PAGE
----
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What is COVID Fog and How Do You Know If You Have It?

What is COVID Fog and How Do You Know If You Have It?

Because COVID-19 has been around for just over a year, we’re still in the throes of gathering data and trying to understand how the virus behaves. Who is at the greatest risk? What can a person do to reduce the likelihood of contracting it? What are the long-term side effects of the virus?

Even though COVID-19 is a respiratory virus, it often affects other organ systems, including the brain. One side effect that has received a lot of media attention is “COVID fog.” Sadly, most people believe that COVID fog just has to run its course and that it’s oftentimes a permanent condition. However, recognizing COVID fog and understanding how it affects the brain is the first step in treating it.

Virus-induced COVID fog

According to a recent study, some of the most common lingering side effects of COVID-19 include general malaise, fatigue and brain fog. For many if not most people, these symptoms disappear within a few weeks but for others, they persist and dramatically affect their quality of life. Many people who experience these lingering symptoms are unable to exercise and are forced to cut down their work hours or even quit their jobs.

Omar Danoun, M.D., a neurologist at Henry Ford Health System, notes that these lingering symptoms affect people with severe COVID-19 cases and mild COVID-19 cases equally. Why? Because COVID-19 is neuro-invasive, affecting the brain and surrounding nerves. This accounts for the loss of smell many people report and why, in some cases, the brain becomes inflamed.

Danoun says that about ⅓ of COVID-19 patients experience neurological effects from the virus which can include memory loss and brain fog. Of these cases, ⅓ of patients fully recover from these neurological issues without intervention. This means that the remaining ⅔ of people with neurological issues could benefit from and potentially fully recover with therapy and time.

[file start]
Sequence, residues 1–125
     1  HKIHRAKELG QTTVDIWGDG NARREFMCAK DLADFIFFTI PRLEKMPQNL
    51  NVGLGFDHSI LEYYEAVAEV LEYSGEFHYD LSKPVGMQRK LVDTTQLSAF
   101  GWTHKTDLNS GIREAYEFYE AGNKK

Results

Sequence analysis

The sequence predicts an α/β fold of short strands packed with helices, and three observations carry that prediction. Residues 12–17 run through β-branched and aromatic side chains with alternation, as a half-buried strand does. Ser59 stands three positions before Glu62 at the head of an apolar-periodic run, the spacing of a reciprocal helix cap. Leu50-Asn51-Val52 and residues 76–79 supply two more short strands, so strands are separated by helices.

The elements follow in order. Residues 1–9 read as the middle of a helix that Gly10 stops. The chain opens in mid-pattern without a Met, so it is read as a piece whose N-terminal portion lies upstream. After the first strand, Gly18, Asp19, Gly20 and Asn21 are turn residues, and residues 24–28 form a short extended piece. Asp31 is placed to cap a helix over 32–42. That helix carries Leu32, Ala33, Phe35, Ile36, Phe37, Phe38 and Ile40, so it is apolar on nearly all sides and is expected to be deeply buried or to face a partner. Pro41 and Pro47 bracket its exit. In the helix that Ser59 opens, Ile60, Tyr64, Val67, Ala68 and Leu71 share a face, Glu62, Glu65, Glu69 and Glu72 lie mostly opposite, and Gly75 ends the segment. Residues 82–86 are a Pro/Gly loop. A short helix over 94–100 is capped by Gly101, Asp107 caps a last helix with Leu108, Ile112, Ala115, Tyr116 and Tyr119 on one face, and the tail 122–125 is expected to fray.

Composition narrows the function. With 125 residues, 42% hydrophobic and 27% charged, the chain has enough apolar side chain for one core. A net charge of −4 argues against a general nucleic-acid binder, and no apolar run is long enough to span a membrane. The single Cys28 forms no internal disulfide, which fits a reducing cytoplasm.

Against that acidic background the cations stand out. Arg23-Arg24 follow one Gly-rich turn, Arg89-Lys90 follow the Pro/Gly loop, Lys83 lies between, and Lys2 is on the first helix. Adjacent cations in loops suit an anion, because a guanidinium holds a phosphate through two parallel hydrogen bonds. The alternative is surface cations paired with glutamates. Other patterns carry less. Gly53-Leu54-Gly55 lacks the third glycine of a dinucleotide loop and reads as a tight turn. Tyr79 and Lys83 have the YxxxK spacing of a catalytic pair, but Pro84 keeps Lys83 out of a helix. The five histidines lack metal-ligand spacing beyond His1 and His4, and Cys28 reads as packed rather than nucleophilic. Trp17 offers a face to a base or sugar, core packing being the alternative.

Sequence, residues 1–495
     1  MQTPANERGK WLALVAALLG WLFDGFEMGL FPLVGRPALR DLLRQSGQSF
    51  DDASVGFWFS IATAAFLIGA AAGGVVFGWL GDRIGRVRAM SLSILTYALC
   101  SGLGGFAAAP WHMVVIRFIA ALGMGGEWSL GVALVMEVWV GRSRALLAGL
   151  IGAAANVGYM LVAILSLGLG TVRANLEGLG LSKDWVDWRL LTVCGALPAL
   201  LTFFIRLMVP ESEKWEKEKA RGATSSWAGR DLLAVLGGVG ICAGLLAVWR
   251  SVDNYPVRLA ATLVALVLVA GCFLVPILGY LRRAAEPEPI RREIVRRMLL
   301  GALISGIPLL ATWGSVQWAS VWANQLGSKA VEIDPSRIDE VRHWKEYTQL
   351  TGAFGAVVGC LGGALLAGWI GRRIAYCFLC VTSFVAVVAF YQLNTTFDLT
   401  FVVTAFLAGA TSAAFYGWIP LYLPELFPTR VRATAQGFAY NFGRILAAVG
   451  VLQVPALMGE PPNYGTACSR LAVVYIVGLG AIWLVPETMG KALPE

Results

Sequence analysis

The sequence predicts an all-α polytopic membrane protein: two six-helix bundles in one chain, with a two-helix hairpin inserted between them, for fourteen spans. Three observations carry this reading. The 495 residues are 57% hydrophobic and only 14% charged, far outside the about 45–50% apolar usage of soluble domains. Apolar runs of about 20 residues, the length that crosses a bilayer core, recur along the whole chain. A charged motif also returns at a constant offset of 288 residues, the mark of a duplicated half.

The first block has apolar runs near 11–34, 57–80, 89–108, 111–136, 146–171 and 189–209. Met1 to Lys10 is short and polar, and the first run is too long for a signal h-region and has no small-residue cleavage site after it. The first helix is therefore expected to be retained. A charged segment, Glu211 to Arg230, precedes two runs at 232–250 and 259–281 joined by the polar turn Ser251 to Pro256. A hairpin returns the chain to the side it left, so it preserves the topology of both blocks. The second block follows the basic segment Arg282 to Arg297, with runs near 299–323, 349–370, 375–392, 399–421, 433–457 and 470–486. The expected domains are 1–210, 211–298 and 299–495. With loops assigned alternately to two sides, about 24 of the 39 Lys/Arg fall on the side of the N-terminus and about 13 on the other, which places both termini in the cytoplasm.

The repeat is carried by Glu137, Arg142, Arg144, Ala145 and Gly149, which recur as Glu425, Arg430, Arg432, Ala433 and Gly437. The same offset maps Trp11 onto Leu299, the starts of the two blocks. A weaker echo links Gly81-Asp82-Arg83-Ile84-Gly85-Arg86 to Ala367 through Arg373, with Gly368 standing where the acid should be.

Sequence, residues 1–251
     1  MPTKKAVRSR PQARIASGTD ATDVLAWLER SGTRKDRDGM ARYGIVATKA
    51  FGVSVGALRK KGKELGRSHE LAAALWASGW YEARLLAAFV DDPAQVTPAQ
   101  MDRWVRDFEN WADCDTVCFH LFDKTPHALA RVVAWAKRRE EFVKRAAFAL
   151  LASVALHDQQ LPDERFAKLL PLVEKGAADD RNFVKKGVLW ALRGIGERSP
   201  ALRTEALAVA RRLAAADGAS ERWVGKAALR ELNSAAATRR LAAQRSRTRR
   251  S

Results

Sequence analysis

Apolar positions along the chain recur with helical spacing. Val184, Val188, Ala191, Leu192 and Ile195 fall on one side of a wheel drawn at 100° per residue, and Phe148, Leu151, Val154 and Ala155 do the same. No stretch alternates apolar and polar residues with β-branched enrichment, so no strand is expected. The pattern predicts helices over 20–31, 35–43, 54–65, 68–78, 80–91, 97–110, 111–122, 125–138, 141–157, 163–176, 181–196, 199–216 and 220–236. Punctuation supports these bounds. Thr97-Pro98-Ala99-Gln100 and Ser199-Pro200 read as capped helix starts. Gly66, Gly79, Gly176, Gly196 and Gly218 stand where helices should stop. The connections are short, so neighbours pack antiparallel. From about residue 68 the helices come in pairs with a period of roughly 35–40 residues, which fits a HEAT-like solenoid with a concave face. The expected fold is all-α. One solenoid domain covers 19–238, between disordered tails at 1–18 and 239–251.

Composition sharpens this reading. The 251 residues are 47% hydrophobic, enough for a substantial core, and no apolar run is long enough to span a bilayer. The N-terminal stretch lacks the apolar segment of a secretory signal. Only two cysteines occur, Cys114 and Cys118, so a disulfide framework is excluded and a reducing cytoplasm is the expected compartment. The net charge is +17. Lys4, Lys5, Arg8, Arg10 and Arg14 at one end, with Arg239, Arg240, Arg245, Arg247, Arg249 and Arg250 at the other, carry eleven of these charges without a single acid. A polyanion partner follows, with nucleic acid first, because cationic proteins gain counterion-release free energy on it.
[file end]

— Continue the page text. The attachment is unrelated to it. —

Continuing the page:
People under the age of 30 are the most resilient to the neurological impact of COVID-19 while those over 60, particularly those who’ve suffered a stroke or other brain injury, are the least resilient and more prone to long-term effects.

Another kind of COVID fog

With an emphasis on social distancing, many people have experienced a decrease in social interactions. They spend more time at home, away from family and close friends, and less time in the community interacting with the public. This is especially true of older citizens who are at higher risk for severe COVID complications. Consequently, cognitive skills and functions have taken a hit. This social isolation is manifesting itself as COVID fog, no less serious than its virus-induced counterpart. Common symptoms of social isolation-induced brain fog include:

  • Cognitive decline
  • Confusion and disorientation

  • Depression

  • Agitation

  • Suppressed appetite

  • Swallowing issues

  • Decreased voice projection

  • Declining social skills

  • Decreased memory

  • Hearing issues

LearningRx can help you recover from COVID fog

If you or a loved one are dealing with the neurological side effects of social isolation or the COVID-19 virus, you may benefit from our brain training services. With engaging and intensive mental exercises, we help you boost weak cognitive skills that affect your ability to think, learn, read, remember and pay attention. When these skills are strong, you can rise above the brain fog and get back to your life.

Reach out to us here to learn more!

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